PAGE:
So the protests didn’t happen. Basically the opposition got cold feet the day before the scheduled day protests and in order to ‘avoid bloodshed’ and ‘foster a dialogue’ they didn’t go through with it. Which solves the immediate problem of country instability, but not the underlying causes of why the dissatisfaction was there to begin with.
In any event, the decision has been made for the team to return to Malawi and for everyone to resume their work in their respective districts. So we’re now back in the country and diffusing out across the country once again.
The retreat was pretty intense. About five solid days of learning about things such as:
- Strategies for providing support to local area mechanics
- Operations and Maintenance financing alternatives for helping local villages pay for water point repairs
- Discussions on providing support to district level governments on such topics as water point mapping, new borehole siting and effective coordination with NGOs surrounding water infrastructure spending
- Reviews and debriefs on the high level work that the team is doing at the national level and in co-ordinating with other NGOs
- All sorts of team building, team culture and team bonding exercises
Not all that exciting to describe, but a really good (and rather unique) way of starting my placement and meeting the entire team right at the beginning.
The Malawi Water and Sanitation team is at the moment one of the largest and highest profile African sector teams that Engineers Without Borders Canada has, and a significant chunk of EWB’s annual budget gets directed towards them, partly because they’re doing pretty well with advancing their understanding of issues in the sector and making progress on them, and partly because water and sanitation lends itself really well to fundraising, so there are a lot of donors out there that are prepared to fund WatSan projects, but perhaps not other sectors (somewhat cynical viewpoint, I know).
The main reason though for the team’s success is the people on the team, which is kind of a microcosm of Engineers Without Borders in general in that many of these people could very easily be making six figure salaries back home in Canada given their skill sets, and yet instead they’re choosing to work for around $15 a day in some of the poorest countries in the world, which I find very inspiring. As a whole I’ve been very impressed by the people on the team thus far, I’m really looking forward to working with all of them over the next four months.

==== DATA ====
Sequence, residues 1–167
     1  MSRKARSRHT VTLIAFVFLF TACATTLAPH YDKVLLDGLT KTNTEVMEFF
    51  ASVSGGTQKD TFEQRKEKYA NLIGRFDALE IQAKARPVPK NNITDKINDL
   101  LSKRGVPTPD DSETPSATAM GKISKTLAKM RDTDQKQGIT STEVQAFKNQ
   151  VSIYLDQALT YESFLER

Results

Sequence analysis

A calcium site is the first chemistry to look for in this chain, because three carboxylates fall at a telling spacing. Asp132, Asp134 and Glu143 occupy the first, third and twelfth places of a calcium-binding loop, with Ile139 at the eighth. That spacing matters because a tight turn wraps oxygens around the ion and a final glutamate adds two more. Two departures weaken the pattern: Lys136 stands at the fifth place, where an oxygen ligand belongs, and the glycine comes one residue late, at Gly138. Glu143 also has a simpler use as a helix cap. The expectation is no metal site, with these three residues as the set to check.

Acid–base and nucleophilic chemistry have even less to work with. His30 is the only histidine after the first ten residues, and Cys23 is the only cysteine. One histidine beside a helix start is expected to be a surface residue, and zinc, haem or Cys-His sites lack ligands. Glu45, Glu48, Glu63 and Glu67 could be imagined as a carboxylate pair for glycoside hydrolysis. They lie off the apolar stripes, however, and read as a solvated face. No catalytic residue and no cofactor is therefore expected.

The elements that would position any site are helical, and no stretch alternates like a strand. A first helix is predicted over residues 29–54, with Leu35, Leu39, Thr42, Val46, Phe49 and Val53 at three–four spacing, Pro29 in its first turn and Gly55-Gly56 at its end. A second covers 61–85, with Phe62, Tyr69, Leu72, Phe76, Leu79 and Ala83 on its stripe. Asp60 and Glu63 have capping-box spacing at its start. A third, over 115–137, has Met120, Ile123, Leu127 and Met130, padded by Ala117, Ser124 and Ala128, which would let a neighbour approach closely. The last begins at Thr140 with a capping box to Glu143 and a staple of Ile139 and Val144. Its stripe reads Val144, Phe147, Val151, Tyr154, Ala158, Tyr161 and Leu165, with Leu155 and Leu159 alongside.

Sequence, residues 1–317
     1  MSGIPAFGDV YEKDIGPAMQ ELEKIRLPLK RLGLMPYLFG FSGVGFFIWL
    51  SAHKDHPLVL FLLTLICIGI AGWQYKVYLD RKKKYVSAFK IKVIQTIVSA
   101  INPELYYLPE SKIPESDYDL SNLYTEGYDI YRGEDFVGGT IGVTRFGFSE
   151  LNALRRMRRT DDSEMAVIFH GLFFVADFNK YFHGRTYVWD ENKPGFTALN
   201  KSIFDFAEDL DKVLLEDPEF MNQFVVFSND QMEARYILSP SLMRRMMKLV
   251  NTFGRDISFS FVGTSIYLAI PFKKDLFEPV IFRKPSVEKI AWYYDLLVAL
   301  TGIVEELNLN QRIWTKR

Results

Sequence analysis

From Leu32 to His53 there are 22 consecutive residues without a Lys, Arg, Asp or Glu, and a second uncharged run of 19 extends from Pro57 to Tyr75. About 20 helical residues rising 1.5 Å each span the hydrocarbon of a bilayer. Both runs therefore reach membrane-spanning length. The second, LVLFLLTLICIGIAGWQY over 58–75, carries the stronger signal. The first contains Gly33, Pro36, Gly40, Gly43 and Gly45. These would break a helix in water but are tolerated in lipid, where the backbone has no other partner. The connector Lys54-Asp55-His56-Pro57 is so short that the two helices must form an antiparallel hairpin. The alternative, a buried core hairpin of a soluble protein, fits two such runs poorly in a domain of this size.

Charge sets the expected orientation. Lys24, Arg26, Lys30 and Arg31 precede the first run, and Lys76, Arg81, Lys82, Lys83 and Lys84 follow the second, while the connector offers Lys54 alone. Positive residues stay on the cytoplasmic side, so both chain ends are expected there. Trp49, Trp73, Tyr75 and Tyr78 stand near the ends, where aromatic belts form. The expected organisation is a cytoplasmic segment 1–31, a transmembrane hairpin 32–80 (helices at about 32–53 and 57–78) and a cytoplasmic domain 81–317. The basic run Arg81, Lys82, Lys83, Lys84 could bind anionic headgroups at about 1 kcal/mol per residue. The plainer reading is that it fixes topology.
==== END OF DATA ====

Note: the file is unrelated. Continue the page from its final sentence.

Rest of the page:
Which brings me to my placement. Details are still being worked out, but what I do know so far is that I’ll be working on the water side of things, as opposed to sanitation, and that my focus will be on working with village level water point mechanics and also working with local level governments and committee to find ways to improve their ability to pay for water point repairs. To relate this back to my ‘About Water and Sanitation’ tab, this is part of the work we’re doing at the local & village level, as opposed to the district or national level.
For the first ten days to two weeks, I’ll be heading up to Nkhata Bay to follow-up and close out on some of the local area mechanic capacity building work that one of the university summer students, John, was working on. As far as districts go, Nkhata Bay is pretty nice. It’s right on the lake and supposedly quite nice and is one of the more touristy areas of Malawi (including SCUBA Diving!). So things are moving forward.
I’ll leave it there for now. Next post to focus on Nkhata Bay and the trials and tribulations of dealing with local area water point mechanics.